The brother of Paul Whelan, who is in a Russian prison on espionage charges, talked with the Washington Examiner on the fourth anniversary of Paul's arrest about how it is more and more difficult as time goes on to secure his release.
"Milestones are always hard," David Whelan said. "Four birthdays, four Christmases, and now the fourth anniversary of Paul's wrongful detention. I think we share the same concern as every family in this situation, which is that, with each passing year, it will become harder to bring Paul home."
Paul, who was discharged from the Marines for bad conduct in 2008 after being convicted of charges related to larceny, was sentenced by a Russian court to 16 years in prison in June, 2020.
The Biden administration has stated that he is "wrongfully detained" and has been conducting talks with Russia for his release, the Washington Examiner reported.
But David said that "it has already become hard to combat compassion fatigue, to keep up Paul's morale and help him to survive as fewer people remember his plight, fewer people write to him, and he starts to worry about being forgotten.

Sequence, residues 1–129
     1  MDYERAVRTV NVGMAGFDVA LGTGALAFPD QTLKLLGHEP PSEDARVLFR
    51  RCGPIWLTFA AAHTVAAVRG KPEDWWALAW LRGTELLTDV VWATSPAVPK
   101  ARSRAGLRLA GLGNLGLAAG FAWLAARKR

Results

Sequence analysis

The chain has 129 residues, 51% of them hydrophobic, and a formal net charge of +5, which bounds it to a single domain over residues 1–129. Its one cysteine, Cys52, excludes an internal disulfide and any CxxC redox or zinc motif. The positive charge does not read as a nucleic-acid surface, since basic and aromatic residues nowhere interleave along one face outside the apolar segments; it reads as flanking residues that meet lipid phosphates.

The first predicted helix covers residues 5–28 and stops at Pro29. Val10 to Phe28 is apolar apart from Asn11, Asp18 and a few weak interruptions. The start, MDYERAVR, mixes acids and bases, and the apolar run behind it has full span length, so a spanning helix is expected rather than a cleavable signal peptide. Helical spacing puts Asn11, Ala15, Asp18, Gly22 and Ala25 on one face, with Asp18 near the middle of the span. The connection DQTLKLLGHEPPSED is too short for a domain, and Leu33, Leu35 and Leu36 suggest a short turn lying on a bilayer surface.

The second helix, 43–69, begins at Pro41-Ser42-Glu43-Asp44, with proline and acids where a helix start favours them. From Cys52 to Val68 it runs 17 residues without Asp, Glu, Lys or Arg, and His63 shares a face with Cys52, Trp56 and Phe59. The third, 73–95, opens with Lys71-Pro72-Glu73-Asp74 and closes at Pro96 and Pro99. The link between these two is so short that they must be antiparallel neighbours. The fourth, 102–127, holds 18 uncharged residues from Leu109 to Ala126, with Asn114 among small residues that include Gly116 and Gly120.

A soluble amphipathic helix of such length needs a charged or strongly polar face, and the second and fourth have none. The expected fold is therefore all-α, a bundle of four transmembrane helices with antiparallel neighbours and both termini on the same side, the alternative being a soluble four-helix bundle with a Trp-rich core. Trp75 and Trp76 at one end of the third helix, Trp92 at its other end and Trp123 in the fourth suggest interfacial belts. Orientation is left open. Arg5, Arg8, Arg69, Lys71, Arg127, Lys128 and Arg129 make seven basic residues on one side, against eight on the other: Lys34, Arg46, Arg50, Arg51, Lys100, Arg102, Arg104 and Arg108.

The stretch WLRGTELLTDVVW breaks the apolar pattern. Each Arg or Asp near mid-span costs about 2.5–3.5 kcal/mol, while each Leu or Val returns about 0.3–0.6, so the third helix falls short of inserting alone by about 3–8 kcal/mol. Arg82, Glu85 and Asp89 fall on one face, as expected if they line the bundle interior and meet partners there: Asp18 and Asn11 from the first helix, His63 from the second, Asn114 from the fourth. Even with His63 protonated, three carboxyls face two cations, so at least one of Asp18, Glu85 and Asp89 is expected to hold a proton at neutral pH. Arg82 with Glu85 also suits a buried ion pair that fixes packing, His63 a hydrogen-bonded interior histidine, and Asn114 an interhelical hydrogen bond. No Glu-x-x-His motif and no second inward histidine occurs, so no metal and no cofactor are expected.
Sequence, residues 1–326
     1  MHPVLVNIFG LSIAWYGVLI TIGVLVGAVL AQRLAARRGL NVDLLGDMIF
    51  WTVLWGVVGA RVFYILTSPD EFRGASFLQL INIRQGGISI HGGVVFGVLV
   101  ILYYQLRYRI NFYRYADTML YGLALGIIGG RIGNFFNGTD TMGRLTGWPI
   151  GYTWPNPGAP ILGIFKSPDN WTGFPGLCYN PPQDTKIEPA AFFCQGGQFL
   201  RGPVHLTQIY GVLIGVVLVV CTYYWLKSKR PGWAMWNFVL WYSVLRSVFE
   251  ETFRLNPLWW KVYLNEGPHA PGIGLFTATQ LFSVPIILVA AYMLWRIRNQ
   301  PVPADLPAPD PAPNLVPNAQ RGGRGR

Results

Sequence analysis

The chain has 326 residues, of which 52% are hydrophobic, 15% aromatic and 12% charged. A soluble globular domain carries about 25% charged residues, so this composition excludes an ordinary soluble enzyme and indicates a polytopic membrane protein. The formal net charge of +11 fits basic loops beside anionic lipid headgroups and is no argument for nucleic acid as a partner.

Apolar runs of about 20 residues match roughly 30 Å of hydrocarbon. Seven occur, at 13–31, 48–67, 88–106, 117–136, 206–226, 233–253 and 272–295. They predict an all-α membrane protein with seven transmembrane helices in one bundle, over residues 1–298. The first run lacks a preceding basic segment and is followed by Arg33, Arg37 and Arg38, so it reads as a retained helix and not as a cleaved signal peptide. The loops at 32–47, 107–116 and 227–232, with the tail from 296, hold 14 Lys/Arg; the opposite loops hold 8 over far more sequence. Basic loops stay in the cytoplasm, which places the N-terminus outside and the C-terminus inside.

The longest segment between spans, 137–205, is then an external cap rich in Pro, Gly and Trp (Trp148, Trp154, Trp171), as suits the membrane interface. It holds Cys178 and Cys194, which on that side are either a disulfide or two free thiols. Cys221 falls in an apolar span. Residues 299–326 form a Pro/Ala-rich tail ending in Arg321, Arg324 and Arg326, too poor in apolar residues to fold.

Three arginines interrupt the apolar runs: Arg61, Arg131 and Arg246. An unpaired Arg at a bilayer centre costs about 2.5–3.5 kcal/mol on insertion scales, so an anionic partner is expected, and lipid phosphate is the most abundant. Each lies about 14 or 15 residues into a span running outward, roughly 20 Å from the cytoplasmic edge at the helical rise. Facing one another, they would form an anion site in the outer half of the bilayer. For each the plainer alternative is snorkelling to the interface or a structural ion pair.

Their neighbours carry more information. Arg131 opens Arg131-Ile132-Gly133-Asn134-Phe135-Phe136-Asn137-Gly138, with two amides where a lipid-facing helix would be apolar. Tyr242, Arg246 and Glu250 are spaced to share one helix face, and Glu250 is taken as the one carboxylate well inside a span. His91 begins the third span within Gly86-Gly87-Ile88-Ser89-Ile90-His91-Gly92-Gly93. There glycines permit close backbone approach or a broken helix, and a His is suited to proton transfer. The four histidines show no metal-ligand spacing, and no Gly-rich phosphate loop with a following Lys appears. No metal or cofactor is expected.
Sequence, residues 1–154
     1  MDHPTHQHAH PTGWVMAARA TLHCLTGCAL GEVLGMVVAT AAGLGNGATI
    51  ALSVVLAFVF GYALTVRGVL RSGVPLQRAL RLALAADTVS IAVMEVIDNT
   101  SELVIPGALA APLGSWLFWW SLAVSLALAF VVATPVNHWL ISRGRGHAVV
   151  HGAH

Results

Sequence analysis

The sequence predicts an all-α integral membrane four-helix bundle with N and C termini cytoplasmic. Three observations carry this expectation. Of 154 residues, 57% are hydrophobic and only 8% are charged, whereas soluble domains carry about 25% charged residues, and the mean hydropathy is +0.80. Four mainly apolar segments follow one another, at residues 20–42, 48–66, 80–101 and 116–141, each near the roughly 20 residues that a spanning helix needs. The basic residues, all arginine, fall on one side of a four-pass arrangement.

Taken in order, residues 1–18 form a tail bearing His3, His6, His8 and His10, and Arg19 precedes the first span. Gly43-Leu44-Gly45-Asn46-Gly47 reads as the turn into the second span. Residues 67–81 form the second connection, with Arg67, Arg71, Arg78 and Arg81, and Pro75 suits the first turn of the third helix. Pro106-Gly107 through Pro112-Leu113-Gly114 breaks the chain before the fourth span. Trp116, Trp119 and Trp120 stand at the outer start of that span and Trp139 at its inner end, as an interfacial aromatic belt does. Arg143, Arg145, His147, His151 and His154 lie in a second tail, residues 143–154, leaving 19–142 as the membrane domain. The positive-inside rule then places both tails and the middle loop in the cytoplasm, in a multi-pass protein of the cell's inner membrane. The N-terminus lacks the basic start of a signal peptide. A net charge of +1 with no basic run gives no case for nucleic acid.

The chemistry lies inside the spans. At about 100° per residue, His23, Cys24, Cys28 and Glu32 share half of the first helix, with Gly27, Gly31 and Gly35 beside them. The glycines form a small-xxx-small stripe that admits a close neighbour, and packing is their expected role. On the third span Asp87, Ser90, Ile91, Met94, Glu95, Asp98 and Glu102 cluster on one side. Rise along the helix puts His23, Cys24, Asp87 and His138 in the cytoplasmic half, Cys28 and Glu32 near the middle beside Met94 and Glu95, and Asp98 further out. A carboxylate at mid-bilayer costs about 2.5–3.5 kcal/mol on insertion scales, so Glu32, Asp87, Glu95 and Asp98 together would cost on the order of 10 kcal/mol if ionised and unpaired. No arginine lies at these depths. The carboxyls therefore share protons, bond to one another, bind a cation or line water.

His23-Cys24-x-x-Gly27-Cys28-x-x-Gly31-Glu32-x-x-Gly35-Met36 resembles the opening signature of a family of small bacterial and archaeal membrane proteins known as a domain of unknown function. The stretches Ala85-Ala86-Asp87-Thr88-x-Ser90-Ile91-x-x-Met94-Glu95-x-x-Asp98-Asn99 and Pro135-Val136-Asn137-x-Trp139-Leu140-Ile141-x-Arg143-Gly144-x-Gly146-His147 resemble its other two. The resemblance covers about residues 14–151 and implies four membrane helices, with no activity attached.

"We hope that Paul will be home before the next milestone that reminds him, and us, that, despite good intentions, these efforts can be fleeting. We will need to remember that there are months and possibly still years before he is free."
Earlier this month, President Joe Biden agreed to exchange convicted Russian arms dealer Viktor Bout for U.S. basketball player Brittney Griner, but was not able to convince Moscow to include Paul in the deal.
Despite the obvious disappointment for the Whelan family, David told the Examiner that "we were fortunate that, in the wake of Brittney Griner's release, both she and the U.S. government spoke up in support of Paul," stressing that at least on this fourth anniversary of his arrest, "we know people are aware of Paul's imprisonment and are doing what they can to help. Americans are writing to him, and the American government is working to secure his freedom."
There are approximately 60 Americans, according to various nonprofits, who are being wrongfully detained globally, many of whom have been in prison even longer than Paul.
A State Department spokesman said that "our efforts to bring Paul Whelan home will not cease until he is back home with his family where he belongs. Using wrongful detention as a bargaining chip represents a threat to the safety of everyone traveling, working, and living abroad. The United States opposes this practice everywhere."
© 2023 Newsmax. All rights reserved.